Investor wants climate concerned to put his money where their mouth is / News / The Foreigner

Investor wants climate concerned to put his money where their mouth is. OSLO: Sony Kapoor encourages climate warming fearers to stop bleating and start doing something instead. He started his presentation at the Zero Emissions Conference 2013 stating he used to be president of ‘The Schools’ Environmental Network’ in the 80s. He has since sought greener pastures of the cash rather than the environmental kind. “I don’t need to care about climate change like the previous speaker [British Solarcentury founder Jeremy Leggett], I’m a climate sceptic”, he uttered.

norwayclimate, co2, climatechange



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Investor wants climate concerned to put his money where their mouth is

Published on Tuesday, 5th November, 2013 at 16:53 under the news category, by Michael Sandelson   .
Last Updated on 6th November 2013 at 16:07.

OSLO: Sony Kapoor encourages climate warming fearers to stop bleating and start doing something instead.

Sony Kapoor
Sony Kapoor
Photo: © 2013 Linn Schjerven/The Foreigner


He started his presentation at the Zero Emissions Conference 2013 stating he used to be president of ‘The Schools’ Environmental Network’ in the 80s. He has since sought greener pastures of the cash rather than the environmental kind.

“I don’t need to care about climate change like the previous speaker [British Solarcentury founder Jeremy Leggett], I’m a climate sceptic”, he uttered.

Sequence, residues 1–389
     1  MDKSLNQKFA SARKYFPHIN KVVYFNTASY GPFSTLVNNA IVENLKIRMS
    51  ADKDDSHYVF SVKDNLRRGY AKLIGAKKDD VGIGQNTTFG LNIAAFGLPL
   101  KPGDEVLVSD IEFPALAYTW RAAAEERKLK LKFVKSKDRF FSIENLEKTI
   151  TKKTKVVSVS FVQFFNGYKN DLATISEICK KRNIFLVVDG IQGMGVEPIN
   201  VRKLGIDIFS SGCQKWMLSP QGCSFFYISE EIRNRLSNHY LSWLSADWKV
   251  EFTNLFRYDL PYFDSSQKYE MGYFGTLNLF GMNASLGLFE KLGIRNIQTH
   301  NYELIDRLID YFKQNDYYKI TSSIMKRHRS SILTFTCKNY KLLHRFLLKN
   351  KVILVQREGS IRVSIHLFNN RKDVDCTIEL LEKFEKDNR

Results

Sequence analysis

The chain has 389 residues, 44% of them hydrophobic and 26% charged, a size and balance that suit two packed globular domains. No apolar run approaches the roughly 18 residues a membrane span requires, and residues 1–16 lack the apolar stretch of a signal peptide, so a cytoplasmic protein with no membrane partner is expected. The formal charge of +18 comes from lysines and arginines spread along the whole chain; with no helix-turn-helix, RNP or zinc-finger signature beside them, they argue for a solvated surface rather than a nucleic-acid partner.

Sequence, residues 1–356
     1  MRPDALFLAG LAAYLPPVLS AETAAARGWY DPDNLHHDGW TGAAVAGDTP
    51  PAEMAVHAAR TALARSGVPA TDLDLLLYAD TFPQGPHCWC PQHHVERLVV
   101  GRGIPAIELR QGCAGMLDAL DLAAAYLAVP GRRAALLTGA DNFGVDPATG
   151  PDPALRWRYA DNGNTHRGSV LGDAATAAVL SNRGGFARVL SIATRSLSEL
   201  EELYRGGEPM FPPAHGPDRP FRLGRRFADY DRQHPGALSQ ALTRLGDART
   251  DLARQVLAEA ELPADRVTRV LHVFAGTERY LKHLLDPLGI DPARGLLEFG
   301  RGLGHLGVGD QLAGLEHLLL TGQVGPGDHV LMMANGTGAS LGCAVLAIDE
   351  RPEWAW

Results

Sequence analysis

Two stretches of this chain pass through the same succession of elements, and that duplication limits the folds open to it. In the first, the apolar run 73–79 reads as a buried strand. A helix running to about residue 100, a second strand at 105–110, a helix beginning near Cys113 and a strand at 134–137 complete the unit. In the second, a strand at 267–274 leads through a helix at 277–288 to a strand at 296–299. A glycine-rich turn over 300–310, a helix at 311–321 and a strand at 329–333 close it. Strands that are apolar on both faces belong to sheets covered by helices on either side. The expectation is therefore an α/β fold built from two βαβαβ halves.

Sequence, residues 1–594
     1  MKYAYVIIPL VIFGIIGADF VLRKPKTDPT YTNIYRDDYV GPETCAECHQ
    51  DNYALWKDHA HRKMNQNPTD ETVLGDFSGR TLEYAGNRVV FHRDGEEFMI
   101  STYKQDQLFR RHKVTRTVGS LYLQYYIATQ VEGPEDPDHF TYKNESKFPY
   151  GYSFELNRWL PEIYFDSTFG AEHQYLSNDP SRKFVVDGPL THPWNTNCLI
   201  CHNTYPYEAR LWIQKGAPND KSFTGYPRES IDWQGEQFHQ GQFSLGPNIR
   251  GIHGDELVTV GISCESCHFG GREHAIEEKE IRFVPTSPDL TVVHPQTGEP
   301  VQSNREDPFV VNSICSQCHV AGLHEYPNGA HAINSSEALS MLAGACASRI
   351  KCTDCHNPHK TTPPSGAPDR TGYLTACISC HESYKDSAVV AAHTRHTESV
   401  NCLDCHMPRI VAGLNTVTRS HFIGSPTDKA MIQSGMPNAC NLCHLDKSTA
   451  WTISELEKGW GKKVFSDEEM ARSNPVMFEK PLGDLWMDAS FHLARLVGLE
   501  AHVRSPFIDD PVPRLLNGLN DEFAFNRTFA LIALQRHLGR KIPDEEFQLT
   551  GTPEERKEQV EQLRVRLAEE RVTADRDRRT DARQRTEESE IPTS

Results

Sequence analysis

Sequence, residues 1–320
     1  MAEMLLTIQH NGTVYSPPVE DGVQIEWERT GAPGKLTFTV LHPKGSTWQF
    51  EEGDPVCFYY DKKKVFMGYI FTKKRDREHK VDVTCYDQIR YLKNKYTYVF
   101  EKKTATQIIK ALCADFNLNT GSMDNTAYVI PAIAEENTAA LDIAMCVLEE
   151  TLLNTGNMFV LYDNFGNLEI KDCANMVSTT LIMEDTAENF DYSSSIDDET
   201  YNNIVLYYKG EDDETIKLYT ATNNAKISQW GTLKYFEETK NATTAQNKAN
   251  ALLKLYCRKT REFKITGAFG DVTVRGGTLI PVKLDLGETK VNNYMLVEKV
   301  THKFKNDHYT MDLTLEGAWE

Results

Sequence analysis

Talking of so-termed dirty investments in coal, oil, gas, and other carbon-intensive assets, he talked of a gulf between Norway and developing countries; how to unite renewables and fossils.

“You are concerned about climate change, whilst people in developing countries are concerned about basic access to energy,” said Mr Kapoor.

Jeremy Leggett had just talked about an initiative to replace lanterns powered by kerosene – a fossils derivative- in many small households in Kenya with solar-powered ones.

Sold by company ‘Sunny Money’, these lanterns save households some 40 per cent of their annual incomes, incomes which can be used on something else.

Solar-powered lanterns also have health and climate benefits their kerosene predecessors do not.

“What these lighting sources emit is the same as smoking 40 cigarettes a day, as well as emitting one tonne of CO2 into during the course of its lifetime. Children also drink the kerosene because they think it’s lemonade,” explained Mr Leggett.

Sony Kapoor then went on to criticise Norway’s Sovereign Wealth Fund.

“What contribution does Norway make to climate change?” he asked. “Over 50 per cent of the SWF’s investments go into fossil-based fuels. They should sell all of and find other green investments. It’s also because keeping them means they will be exposed to great financial risk in the future. I told them this, but it fell on deaf ears,” Mr Kapoor stated.

“Also, everyone’s complaining there’s not enough access to long-term capital in the world, but at the same time Europe has financial assets totaling EUR 150 trillion,” added the investor.

Mr Kapoor also censured “everyone being asleep at the wheel” when it comes to climate risks of fossil fuels,” and they need to wake up.

He suggested those who care about the climate comes up with persuasive ways of “how to get people who sit on money to make it [climate mitigation] happen”, changing investors’ behaviour to renewable investments.

“You need to stress the increased perceived risks of dirty investments and underline the reduced ones of making green investments. You have to make investors want to make investments.

Sony Kapoor heads Think Tank Re-Define that advises policy-makers on financial system reform. He has been influential in advocating a green finance system in Europe since the financial and Euro crises.




Published on Tuesday, 5th November, 2013 at 16:53 under the news category, by Michael Sandelson   .
Last updated on 6th November 2013 at 16:07.

This post has the following tags: norwayclimate, co2, climatechange.





  
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